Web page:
By the time we figured out the torch wasn’t coming we still had a few hours to kill before we could catch the ferry home. So we decided to walk down to the Fisherman’s wharf area and check out the tourist scene. We knew that we could catch our ferry back to Oakland from there.
Lazy Sea Lions – ho hum, what torch?
On The Ferry (mom, sis, & dad w/Coit Tower and Mt. Tamalpais in the background). A good time was had by all.
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Best/Worst moment of the day: One of the torch bearers, Majora Carter, a well-known activist, hid a Tibetan flag up her sleeve and pulled it out when it was her turn to run. The flag was quickly torn from her hand and she was pushed aside. (see also video on SF Gate – this shows the cop shoving her to the side of the street. She was super pissed.)
Some people would have been scared, or at least nervous. Ms. Carter said she was neither.
“I really felt a total, complete sense of oneness with the people of Tibet,” she said. She added that as “a civil rights activist in this country,” she could not stand in support of China.
Five seconds into her run down Van Ness Avenue, Ms. Carter pulled the Tibetan flag from her sleeve and began waving it. She waved the flag for roughly five seconds, until a Chinese guard saw her. He lunged at her. She dodged him. He lunged again and soon wrested the flag from her hand, saying, “Sorry, I can’t let you do this.”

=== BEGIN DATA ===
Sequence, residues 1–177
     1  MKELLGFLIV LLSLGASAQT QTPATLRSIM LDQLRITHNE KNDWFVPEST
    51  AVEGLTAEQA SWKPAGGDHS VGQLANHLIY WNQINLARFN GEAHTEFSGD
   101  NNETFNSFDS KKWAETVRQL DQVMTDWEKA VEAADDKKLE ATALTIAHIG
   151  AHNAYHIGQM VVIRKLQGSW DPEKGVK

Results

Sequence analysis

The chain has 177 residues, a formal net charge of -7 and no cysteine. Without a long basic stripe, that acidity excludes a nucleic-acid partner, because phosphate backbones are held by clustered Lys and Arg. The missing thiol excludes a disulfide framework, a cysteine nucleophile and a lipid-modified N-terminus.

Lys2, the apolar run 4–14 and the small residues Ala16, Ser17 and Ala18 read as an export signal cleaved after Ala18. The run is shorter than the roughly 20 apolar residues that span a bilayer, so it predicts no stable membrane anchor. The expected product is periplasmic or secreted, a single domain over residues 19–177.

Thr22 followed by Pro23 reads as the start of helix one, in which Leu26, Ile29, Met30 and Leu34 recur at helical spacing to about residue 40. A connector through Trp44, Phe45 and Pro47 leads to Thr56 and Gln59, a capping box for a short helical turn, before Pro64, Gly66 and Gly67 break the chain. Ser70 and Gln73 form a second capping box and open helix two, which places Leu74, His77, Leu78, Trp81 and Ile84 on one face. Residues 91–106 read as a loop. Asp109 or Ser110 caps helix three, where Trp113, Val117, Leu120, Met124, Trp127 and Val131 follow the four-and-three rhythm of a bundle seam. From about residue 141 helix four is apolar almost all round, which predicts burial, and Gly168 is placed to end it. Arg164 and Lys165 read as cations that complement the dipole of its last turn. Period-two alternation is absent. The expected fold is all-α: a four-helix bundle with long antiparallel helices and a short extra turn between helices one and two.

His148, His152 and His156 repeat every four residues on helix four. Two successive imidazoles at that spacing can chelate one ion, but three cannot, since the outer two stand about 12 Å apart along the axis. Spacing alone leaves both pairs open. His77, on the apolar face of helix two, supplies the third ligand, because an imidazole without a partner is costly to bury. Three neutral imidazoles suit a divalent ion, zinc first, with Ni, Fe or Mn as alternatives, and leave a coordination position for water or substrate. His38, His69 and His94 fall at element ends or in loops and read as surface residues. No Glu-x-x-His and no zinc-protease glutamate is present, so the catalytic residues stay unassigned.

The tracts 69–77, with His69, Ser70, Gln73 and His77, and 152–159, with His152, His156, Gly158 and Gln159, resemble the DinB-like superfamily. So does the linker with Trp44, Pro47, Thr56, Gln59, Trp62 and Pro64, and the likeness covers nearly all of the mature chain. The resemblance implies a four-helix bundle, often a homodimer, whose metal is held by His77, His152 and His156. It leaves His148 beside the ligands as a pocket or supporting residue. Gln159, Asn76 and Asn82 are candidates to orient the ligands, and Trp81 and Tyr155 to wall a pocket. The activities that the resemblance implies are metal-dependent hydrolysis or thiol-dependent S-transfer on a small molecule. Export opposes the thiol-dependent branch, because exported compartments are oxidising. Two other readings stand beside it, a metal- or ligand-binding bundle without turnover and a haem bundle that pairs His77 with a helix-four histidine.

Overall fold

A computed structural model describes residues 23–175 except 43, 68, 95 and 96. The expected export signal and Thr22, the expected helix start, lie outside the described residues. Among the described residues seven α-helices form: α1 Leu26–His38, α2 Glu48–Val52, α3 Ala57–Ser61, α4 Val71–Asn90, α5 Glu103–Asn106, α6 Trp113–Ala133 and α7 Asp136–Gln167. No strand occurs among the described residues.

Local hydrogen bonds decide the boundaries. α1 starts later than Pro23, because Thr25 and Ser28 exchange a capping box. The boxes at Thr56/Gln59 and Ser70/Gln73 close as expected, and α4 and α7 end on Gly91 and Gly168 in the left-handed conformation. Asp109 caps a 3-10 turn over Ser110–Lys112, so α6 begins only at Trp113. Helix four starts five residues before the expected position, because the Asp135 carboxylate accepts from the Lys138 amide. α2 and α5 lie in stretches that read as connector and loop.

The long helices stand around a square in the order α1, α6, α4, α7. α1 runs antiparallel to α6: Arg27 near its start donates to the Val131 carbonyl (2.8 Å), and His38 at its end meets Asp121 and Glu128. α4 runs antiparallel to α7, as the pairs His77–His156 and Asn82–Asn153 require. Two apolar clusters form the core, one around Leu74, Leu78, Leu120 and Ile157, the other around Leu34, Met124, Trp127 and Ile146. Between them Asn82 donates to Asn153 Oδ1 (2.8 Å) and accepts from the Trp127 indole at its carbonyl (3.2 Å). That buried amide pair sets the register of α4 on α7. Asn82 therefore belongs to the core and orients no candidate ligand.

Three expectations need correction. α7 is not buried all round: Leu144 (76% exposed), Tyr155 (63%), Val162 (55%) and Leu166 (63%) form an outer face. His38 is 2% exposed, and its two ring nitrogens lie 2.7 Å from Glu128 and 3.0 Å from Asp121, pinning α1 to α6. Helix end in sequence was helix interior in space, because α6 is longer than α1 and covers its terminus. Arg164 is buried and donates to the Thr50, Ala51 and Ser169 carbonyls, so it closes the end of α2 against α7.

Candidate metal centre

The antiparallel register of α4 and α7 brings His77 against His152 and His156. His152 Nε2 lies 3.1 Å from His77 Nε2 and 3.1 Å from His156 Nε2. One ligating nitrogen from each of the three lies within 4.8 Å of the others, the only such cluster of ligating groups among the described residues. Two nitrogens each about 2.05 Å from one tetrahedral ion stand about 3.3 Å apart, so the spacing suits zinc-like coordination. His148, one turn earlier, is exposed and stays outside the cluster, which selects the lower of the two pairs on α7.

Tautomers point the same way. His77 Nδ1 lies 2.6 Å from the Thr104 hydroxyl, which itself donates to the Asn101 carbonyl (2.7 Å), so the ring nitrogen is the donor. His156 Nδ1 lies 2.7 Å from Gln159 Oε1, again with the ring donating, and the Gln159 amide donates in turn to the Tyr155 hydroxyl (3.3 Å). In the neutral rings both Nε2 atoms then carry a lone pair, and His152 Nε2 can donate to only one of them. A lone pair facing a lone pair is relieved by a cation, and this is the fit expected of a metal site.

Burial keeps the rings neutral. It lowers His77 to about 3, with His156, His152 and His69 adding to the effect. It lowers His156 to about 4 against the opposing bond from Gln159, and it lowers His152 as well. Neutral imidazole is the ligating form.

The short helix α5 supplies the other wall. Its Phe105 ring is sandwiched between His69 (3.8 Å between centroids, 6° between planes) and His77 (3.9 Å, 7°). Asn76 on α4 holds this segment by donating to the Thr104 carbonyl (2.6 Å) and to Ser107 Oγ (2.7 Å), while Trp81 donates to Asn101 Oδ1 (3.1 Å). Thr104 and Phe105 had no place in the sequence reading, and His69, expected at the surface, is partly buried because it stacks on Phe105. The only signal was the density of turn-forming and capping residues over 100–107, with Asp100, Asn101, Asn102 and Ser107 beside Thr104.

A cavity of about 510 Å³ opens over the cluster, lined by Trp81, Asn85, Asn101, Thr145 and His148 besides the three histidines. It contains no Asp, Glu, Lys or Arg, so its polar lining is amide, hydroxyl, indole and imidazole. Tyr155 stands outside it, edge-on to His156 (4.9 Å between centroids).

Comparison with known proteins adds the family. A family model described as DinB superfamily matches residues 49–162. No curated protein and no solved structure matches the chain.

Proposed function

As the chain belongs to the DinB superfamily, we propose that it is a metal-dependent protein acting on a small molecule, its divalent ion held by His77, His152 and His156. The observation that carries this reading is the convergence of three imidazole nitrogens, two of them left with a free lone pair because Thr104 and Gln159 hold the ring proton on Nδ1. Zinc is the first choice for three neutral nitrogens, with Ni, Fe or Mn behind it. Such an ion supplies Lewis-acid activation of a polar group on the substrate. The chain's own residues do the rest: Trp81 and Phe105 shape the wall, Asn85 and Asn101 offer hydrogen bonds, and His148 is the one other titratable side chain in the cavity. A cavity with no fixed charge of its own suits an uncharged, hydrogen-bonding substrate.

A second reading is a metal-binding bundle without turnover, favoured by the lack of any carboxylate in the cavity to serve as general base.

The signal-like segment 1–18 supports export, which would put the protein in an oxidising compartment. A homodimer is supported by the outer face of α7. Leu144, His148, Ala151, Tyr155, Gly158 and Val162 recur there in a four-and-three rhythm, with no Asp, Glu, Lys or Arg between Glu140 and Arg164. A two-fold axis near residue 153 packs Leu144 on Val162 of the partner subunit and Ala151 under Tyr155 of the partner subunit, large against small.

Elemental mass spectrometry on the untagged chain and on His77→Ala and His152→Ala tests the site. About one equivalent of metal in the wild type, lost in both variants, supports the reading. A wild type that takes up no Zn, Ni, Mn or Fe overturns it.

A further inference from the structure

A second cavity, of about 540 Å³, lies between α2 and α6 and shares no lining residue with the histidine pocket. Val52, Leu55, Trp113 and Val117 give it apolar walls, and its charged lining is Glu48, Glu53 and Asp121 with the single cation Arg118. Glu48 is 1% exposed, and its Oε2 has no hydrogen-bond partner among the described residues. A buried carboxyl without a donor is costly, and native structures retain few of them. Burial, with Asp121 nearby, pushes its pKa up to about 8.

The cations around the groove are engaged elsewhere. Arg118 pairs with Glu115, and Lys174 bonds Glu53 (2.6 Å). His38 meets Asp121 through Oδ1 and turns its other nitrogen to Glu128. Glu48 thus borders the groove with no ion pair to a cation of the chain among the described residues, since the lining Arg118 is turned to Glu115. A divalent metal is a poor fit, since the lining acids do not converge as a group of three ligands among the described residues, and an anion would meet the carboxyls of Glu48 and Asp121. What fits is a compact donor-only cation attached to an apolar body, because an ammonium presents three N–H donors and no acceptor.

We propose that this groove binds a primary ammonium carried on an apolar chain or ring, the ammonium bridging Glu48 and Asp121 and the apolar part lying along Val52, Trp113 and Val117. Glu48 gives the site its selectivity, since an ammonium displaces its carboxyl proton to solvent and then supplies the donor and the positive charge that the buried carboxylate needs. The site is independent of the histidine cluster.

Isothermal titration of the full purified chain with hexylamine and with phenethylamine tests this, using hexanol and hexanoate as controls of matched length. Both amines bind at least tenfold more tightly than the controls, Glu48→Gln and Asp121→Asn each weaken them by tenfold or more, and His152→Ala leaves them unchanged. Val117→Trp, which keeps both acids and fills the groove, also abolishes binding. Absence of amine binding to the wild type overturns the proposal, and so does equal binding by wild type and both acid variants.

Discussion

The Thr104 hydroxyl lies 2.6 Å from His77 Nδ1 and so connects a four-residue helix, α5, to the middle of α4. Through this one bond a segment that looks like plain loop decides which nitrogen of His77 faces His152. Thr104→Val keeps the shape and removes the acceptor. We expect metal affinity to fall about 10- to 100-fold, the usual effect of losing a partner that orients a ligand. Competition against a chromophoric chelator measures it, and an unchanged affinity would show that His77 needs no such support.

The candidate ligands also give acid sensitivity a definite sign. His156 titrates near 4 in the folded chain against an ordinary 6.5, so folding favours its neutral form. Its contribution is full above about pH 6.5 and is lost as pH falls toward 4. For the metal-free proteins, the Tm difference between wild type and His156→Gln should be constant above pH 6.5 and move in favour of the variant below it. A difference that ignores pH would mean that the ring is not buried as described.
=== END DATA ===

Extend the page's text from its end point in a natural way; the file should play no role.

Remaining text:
She said she was pushed toward a group of San Francisco police officers, who then pushed her into a crowd of bystanders. Her time in the spotlight was over. The torch kept moving.
It left as it came – in a sea of controversy. Quite an inglorious moment for the city. And expensive too. The city spent over 500,000 dollars on police overtime and about $725,000 all together for the torch run.
The Chronicle editorial the following day said it best:
What a letdown. The Olympic torch run turned into a barely seen security entourage that dodged the thousands who turned out to watch.
The sudden re-routing of the relay along near-empty sidewalks invites the question: Is City Hall unclear on the concept of a public event?
This was San Francisco’s chance to show how it respects and handles vigorous political dissent. It is also the hub of a region with great pride in its Olympic alliances. Thousands gathered to see the torch and express their passions, positive and negative, about the upcoming Games. Regrettably, our city leaders chose to run away from them.